He gave an example of a recent initiative to shift Oldupai Gorge, ruins of Kilwa Kisiwani and Kondoa rock art heritage sites to Ngorongoro Conservation Area, Tanzania Wildlife Authority and Tanzania Forest Services respectively in an effort to try making the sites a source of income.

The sites were earlier supervised by the Ministry of Natural Resources and Tourism’s Department of Antiquities. Dr Ichumbaki who is also a Senior Lecturer at the Department of Archaeology and Heritage Studies, UDSM, noted that the three institutions were formed to protect natural heritage and use them to sustainably get income.

“We should not expect to get income from cultural heritage,” he noted. In trying to find money from these cultural heritage sites; the institutions have been trying to invest in them by building paths in Kilwa and a road in Kondoa sites.

In the process of building those infrastructures, extremely important artefacts such as ceramics, beads, and stone tools were destroyed. Dr Ichumbaki stressed that trying to get direct money from cultural heritage is wrong; instead, Tanzanians should be happy of their history and their cultural heritage and use all means to protect them.

Driving his point home, he explained how Tanzanians don’t make money from Mwalimu Nyerere who is their icon and history; instead, they are using a lot of money to celebrate his life because that makes them happy. “Mwalimu is our heritage. And that should be the case with other cultural heritage sites and objects,” he noted.

Contributing on the same issue, a fisheries officer at Bagamoyo District, Antonia Mpemba said extra caution should be taken especially now when Tanzania is mulling over utilising benefits of blue economy. “Striking a balance between economic developments and keeping our treasured cultural heritage intact is crucial,” said Antonia.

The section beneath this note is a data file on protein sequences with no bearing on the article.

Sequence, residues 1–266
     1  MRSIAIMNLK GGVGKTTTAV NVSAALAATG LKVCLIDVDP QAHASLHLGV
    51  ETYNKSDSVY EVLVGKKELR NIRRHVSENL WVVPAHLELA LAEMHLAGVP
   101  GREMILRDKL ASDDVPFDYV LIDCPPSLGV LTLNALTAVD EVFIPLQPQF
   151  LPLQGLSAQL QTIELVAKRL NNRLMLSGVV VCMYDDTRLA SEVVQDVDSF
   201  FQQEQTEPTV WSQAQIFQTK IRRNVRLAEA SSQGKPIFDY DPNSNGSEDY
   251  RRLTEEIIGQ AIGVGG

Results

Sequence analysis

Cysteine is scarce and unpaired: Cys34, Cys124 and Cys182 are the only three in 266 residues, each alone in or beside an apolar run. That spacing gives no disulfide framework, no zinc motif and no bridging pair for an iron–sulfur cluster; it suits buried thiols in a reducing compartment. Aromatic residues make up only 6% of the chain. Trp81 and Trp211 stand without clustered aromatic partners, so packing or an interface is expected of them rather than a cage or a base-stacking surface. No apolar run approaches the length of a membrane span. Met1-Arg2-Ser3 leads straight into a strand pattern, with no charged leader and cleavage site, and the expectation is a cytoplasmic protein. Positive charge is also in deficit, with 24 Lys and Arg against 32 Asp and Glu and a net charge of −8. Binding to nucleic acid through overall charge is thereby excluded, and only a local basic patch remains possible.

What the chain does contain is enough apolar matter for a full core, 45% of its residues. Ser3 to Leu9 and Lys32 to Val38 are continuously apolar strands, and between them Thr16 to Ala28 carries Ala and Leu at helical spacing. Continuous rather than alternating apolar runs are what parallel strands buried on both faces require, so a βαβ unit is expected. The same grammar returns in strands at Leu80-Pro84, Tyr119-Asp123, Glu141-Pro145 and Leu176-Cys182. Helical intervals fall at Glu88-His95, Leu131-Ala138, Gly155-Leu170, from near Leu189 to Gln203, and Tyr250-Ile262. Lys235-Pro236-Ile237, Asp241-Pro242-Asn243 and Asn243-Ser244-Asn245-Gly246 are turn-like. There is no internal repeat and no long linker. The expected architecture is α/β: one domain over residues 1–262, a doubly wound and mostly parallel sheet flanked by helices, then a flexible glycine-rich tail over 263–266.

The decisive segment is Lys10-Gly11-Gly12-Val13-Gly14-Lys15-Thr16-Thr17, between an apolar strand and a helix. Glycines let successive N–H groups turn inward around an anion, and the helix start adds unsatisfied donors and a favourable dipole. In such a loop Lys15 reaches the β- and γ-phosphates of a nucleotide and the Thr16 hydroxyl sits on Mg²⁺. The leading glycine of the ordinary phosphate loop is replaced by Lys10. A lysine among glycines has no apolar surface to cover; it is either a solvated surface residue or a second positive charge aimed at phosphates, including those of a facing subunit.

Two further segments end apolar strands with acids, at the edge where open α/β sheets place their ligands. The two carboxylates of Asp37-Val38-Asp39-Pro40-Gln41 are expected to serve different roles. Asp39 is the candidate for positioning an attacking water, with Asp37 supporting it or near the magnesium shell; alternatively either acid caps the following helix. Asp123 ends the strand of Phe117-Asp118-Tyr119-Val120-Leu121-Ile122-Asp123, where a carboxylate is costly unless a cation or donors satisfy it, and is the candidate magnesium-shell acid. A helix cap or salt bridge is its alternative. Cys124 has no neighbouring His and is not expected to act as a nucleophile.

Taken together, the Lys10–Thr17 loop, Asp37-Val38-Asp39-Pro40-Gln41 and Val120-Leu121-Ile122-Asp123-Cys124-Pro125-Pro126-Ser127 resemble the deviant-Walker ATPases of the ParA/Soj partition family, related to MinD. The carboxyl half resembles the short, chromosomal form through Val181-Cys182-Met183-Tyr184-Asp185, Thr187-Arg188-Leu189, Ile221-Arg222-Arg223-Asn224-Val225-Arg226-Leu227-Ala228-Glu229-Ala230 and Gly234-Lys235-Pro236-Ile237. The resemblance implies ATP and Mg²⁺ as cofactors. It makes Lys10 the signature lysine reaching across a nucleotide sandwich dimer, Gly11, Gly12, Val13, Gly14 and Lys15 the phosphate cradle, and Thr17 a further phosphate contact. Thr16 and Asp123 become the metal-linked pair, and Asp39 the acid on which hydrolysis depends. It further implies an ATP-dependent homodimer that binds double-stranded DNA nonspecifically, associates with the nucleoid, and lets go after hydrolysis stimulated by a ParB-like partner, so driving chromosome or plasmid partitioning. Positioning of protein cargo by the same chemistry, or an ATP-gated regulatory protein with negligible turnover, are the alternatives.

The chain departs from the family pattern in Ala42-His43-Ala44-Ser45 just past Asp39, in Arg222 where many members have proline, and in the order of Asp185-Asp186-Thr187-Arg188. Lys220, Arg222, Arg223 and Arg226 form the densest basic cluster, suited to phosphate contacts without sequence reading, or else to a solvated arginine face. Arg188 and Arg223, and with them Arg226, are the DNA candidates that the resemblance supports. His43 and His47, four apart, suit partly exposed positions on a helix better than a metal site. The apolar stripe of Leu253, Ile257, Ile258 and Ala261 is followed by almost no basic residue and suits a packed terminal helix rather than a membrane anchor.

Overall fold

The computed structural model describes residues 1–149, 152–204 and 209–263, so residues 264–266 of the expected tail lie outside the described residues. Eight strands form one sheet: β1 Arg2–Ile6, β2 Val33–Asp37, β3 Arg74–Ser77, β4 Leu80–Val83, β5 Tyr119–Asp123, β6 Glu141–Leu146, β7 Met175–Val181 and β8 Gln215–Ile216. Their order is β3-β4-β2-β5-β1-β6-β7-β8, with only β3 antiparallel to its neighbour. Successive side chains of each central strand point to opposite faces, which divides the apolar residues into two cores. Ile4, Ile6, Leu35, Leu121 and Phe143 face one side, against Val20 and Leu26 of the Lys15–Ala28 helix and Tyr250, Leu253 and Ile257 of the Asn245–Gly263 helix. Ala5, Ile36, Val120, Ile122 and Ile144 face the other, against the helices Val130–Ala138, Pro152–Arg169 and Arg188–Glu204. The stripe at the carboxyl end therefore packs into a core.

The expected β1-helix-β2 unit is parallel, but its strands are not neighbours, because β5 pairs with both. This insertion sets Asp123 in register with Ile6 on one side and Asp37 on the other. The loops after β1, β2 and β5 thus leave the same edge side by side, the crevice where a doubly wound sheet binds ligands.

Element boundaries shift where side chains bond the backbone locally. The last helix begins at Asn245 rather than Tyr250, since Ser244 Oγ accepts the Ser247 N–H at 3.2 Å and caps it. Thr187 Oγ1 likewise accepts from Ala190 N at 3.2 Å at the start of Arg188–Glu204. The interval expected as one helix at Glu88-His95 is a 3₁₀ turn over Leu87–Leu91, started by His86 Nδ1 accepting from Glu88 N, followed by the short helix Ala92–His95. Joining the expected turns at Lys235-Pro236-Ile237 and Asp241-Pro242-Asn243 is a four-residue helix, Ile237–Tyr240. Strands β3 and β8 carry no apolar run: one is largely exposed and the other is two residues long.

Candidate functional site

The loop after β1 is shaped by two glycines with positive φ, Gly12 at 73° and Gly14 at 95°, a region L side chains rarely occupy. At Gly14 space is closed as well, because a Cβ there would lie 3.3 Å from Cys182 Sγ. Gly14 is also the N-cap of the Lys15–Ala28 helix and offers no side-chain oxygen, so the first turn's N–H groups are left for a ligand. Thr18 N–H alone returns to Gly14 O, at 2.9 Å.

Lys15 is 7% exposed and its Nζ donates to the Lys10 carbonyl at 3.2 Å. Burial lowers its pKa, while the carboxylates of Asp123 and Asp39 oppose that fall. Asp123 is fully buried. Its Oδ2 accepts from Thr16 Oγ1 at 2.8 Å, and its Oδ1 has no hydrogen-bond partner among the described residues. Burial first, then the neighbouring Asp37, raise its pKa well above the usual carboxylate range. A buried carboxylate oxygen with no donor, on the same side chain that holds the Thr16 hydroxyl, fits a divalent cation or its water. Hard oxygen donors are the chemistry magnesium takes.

But striking a balance may become a challenge if there will be no thorough assessments along the shore and in sea in countries where there have been a lot of efforts to explore oil and gas recently.

Experts fear that without taking extra care, cultural heritage of historical significance such as a ‘shipwreck’ of 14th century intact with cargo under water in Kilwa may completely be destroyed.

A Legal Counsel for the UNESCO National Commission of the United Republic of Tanzania, Ms Caroline Mutahanamilwa advises that it is high time to seriously put emphasis on Heritage Impact Assessment for all projects taking place along the coast of Tanzania.

“This will help securing our cultural heritage resources which are greatly needed,” she said. On his part, Mr Davis Mpotwa from the Marine Parks and Reserves Unit, Ministry of Fisheries and Livestock Keeping advised to have in place a marine spatial plan that will help make informed and coordinated decisions about how to use marine resources sustainably.

A Masters’ student at the Department of Archaeology and Heritage Studies, Mr Abdallah Mohamed wondered why heritage is always the last agenda when it comes to development. “Experts should find a way to put cultural heritage up on the country’s development plan. Preserving them is critical,” said Mohamed.

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  • avatar
    Honest Hilary

    I appreciate whole team involved in marine heritage research